Star Wars: Kenobi

     This book is set just before the end of Star Wars: Episode III: Revenge of the Sith.  Telling the story of how Clone Wars General and Jedi Master Obi-Wan Kenobi descended into the guise of the "crazy old wizard" Ben Kenobi.

     With a very western feel set on a desert planet, this works very well in favor of a small tale instead of a massive galactic conflict as so many other Star Wars stories tend to do.  It starts with the arrival of Kenobi on Tatooine looking to deliver the infant Luke Skywalker to the farm of Owen and Beru Lars.  Then, quite nicely it jumps to a bunch of other people and leaves Kenobi to be almost a supporting character, with Annileen the shopkeeper and Orrin Gault the farmer almost taking the reigns completely. 

     Kenobi conveys a wonderful sense of the devastation caused by Obi-Wan's actions in Revenge of the Sith.  He's a broken Jedi Master that has lost everything- friends, colleagues, and his Jedi way of life- but still feels the call to help others.
     It is made more difficult due to circumstances constantly arising around him as he tries to withdraw from the world.  Much in the way of an old Clint Eastwood film, Obi-Wan is a stranger come to town, and aids them in ways they couldn't have done.  Moisture farmers and shop owners alike receive his assistance and never once does he ask for anything in return.  He has to find balance while maintaining his newly necessary reclusive nature- the struggle to move on from the emotional impact of loss and the drive to help.  Remaining an anonymous hermit is near impossible with gossipy small pioneering town of Oasis.

     One thing I really liked from this book was the character A'Yark, the Tusken Raider.  It is quite interesting to get to see things from the point of view of these people.  A simple warlike tribal society being driven to extinction.  A'Yark is attempting something no other Tusken has done- to help the tribe grow, to bring others together because their current way of life is failing.  The simple act of changing generations of ingrained Tusken tradition for A'Yark is quite daunting, but managed with cleverness over time.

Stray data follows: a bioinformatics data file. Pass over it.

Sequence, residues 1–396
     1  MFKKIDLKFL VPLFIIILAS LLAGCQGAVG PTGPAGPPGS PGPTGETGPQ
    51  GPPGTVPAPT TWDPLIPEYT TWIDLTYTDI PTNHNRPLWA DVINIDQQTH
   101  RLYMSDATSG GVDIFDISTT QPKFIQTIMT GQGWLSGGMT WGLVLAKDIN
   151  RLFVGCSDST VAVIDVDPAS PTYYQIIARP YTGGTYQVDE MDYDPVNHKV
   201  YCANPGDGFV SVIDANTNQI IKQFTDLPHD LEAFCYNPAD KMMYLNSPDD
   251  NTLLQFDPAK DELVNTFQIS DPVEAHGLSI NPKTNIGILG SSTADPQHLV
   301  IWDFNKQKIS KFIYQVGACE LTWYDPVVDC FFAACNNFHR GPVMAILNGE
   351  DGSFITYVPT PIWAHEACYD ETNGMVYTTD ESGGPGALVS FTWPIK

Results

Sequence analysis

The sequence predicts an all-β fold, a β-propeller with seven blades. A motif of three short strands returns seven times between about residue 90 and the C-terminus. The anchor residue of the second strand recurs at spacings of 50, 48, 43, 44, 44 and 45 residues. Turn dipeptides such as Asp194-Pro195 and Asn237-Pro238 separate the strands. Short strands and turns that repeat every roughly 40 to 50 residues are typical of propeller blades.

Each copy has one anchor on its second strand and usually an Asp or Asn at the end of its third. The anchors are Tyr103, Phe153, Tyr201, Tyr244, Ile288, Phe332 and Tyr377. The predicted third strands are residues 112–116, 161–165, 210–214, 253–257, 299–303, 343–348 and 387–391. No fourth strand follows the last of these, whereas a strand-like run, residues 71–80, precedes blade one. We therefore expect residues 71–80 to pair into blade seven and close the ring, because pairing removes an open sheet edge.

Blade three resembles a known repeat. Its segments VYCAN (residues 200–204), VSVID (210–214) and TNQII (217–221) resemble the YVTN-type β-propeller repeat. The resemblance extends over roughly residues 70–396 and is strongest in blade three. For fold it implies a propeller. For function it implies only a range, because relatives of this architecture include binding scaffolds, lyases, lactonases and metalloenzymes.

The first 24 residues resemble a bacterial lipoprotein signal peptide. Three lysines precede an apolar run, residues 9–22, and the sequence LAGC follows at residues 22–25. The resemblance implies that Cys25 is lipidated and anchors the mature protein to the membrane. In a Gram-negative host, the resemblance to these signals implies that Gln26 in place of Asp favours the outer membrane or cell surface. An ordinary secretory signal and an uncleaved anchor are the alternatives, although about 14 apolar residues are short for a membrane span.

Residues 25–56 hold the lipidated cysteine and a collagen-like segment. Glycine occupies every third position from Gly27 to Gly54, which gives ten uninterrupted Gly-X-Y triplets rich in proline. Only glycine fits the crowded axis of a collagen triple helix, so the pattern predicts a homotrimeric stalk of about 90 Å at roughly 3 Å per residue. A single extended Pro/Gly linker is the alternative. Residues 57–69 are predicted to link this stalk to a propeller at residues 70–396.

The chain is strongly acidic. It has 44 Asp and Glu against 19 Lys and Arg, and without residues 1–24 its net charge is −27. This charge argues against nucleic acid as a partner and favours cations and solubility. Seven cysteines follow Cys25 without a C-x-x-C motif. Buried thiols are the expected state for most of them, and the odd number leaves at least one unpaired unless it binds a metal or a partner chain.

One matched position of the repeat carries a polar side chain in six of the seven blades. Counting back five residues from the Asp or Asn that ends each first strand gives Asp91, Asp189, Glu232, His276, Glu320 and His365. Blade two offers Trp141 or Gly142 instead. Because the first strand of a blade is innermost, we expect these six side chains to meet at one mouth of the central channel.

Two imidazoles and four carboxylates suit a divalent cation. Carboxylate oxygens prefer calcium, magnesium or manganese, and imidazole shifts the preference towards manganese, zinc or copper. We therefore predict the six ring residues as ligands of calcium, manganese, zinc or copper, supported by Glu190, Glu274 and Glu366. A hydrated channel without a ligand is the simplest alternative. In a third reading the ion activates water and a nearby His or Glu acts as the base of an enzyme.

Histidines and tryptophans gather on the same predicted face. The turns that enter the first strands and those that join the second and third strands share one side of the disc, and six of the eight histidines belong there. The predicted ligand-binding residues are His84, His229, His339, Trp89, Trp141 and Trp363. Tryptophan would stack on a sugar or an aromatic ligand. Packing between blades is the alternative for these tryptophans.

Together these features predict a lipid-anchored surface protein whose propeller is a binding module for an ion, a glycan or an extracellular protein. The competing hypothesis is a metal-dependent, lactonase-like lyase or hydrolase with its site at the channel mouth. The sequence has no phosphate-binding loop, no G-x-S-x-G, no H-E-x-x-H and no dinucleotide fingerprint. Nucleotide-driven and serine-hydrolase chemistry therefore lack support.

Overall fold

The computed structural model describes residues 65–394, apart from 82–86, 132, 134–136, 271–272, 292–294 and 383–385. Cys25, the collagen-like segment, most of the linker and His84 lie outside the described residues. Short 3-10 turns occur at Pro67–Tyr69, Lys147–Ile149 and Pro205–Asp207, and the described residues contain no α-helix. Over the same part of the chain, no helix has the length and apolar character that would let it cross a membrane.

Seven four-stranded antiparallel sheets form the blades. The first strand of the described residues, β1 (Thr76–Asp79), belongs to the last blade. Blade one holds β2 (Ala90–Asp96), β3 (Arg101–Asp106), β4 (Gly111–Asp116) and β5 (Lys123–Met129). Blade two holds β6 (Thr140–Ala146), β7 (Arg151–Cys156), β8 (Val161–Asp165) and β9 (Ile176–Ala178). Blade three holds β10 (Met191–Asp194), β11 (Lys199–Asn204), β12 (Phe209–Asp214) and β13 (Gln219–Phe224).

While I'm typing this I would like to say that the end feels a bit too big.  Too many neatly wrapped up threads.  There is just something a bit bothersome about it.  Honestly, I was surprised Obi-Wan didn't walk off into a sunset after a small final confrontation. 
     So if you like Star Wars or westerns, the book is simple, but entertaining.  With nothing unpredictable it remains a good read.

     Note:  I listened to the Audiobook version of Kenobi by John Jackson Miller and read by Jonathan Davis.  I will say I prefer the Star Wars audiobooks because it really is like listening to films- there's tons of added sound effects and many of the readers do pretty damn good impressions of the characters- Davis does a great Ewan McGregor version of Obi-Wan.

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